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Jordan Wood of Bristol moved back to Maine in 2021, after a 10-year career in national Democratic politics. He served as the chief of staff to a member of Congress, and as the vice president for political at End Citizens United.

Professional burnout, the exhaustion of city living and a longing to be closer to nature. These are some of the motivations my husband and I considered when we packed up our lives in Washington, D.C., I quit my job in Democratic politics, and moved to the small fishing village of Round Pond. Another reason we’re adding to that list: Discovering a renewed optimism for politics and hope for American democracy.

This month, we attended our first political event since moving to Maine, a forum at the Bremen Library, hosted by the Lincoln County Democratic Committee, for candidates running in the primary for Senate District 13. The forum was a window into healthy democracy: A system that fosters dialogue, inclusiveness and equal participation, eliminates the undue influence of wealthy donors and special interests, promotes honest and fair debate and ultimately addresses the most important issues facing our community. It offered a stark display for what the politics of Washington, D.C., could learn from the politics of Bremen, Maine.

Like so many Americans, I’ve become cynical, disenchanted and pessimistic about the future of our democracy. I started out in politics during my senior year at St. Dominic High School in Auburn. I went door-to-door with other young, idealistic, friends encouraging voters to support Barack Obama in Maine’s Democratic caucus. We were inspired by Obama’s call for a new politics, a renewal of our democracy, premised on hope, optimism, and change.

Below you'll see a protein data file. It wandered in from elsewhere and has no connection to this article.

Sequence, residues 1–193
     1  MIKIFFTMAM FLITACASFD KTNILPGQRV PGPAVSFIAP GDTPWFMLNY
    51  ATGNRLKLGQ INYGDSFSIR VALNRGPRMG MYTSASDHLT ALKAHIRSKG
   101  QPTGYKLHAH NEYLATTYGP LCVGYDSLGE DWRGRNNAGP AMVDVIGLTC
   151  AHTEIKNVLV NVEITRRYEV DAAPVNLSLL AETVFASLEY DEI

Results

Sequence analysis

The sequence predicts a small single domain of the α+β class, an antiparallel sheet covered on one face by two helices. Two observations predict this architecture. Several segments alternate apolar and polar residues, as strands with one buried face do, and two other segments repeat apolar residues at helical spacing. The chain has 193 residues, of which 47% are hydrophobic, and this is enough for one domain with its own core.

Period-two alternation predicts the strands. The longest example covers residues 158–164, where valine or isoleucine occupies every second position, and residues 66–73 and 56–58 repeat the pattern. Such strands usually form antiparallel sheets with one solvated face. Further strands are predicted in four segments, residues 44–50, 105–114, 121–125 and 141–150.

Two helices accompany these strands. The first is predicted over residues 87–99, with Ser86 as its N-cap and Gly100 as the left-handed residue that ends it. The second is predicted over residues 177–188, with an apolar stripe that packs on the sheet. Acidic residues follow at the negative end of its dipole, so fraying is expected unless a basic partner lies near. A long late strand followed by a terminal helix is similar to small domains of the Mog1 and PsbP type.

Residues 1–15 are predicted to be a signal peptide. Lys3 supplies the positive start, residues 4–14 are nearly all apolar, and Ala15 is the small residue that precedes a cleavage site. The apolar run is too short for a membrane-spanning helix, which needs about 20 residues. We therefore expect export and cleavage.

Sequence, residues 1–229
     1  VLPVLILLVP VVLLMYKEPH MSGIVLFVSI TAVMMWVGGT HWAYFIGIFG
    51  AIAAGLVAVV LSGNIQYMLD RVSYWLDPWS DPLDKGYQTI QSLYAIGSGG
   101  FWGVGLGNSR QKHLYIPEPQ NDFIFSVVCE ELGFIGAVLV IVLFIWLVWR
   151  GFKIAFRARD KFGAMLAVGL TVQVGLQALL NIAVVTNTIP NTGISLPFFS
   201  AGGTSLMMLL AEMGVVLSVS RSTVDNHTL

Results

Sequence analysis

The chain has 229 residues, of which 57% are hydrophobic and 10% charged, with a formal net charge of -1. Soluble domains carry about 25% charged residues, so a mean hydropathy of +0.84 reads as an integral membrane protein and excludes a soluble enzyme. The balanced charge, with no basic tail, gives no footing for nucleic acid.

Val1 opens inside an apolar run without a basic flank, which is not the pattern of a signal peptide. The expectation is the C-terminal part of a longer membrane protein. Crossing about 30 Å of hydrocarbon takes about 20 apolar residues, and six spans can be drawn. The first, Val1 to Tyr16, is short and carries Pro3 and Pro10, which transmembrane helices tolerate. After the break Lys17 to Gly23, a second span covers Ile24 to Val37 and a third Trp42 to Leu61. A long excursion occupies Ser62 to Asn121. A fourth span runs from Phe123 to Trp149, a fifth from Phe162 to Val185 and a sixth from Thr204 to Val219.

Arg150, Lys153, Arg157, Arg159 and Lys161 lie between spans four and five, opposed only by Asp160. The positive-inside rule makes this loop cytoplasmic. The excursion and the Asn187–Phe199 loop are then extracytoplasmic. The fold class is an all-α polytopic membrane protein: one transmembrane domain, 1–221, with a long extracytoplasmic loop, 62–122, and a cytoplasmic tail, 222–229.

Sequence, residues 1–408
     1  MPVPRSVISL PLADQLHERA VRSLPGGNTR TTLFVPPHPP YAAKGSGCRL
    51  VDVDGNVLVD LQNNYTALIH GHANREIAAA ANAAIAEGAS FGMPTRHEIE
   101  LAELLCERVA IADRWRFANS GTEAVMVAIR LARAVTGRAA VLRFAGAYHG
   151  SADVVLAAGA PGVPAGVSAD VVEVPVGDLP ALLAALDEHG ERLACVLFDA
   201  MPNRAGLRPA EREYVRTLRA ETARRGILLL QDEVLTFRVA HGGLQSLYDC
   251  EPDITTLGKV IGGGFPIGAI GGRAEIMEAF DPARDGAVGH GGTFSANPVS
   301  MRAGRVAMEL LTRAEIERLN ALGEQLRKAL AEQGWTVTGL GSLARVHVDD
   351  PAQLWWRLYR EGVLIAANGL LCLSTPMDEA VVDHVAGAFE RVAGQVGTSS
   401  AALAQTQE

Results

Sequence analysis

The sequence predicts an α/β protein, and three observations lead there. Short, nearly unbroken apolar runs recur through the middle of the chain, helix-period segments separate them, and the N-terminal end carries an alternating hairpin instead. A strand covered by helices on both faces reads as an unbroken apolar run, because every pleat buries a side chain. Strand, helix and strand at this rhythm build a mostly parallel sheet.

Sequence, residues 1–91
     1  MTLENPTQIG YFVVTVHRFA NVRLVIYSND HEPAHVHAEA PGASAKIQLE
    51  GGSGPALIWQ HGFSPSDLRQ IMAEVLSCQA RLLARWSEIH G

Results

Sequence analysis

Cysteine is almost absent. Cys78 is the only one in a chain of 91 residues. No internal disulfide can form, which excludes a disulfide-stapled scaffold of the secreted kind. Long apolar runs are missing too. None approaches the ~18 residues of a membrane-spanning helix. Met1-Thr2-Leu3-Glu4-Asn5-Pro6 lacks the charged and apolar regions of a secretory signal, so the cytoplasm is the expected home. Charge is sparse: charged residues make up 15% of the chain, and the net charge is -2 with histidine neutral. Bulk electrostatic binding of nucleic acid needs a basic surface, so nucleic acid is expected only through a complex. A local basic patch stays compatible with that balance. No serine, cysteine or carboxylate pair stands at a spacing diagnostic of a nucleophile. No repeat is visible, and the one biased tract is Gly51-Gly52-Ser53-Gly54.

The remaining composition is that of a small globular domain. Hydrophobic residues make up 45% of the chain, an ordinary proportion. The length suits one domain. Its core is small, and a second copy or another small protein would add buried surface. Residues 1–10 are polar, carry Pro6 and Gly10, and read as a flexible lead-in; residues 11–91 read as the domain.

This idealistic mindset slowly eroded over a 10-year career in politics and finally died as a causality of the Jan. 6 insurrection, which I spent barricaded in a Capitol Hill office with two members of Congress. A political system is truly broken when even an attempted coup by a violent mob isn’t enough to motivate our political leadership to put aside their differences for the sake of saving our democracy.

The failure of our elected officials in Washington, both Democratic and Republican, to pass HR 1, the For the People Act, a once in a generation sweeping voting rights and democracy reform bill, is a sad reflection of Washington’s inability to meet a moment of national crisis.

Amidst these setbacks and losses, it’s easy to lose hope for our democracy and become apathetic about our politics. For those seeking renewed motivation, I encourage you to turn off the partisan noise machine coming from your TV or computer and seek out opportunities to get involved in politics locally.

The candidate forum we attended never devolved into partisan purity tests or pointless venting about hot button national issues. Instead, we heard from two candidates about how they would address the affordable housing crisis, support local farmers navigating revelations that their land has been poisoned by PFAS, and end childhood hunger in the state. Voters heard about each candidate’s commitment to include local stakeholders in the decision making process, the importance of promoting good lines of communications, and their plans to keep constituents informed on their work in Augusta. In closing remarks, each candidate provided their personal phone number, so voters could continue these conversations, and a heartfelt pitch for a $5 contribution to help them qualify for Maine Clean Elections funding.

To borrow from the line chanted at so many of the political marches we attended in DC, “this is what democracy looks like.” Maine is a rare view into what Democracy should look like. Thank you, Maine and Lincoln County, for welcoming us back home and renewing our optimism and hope for a better politics.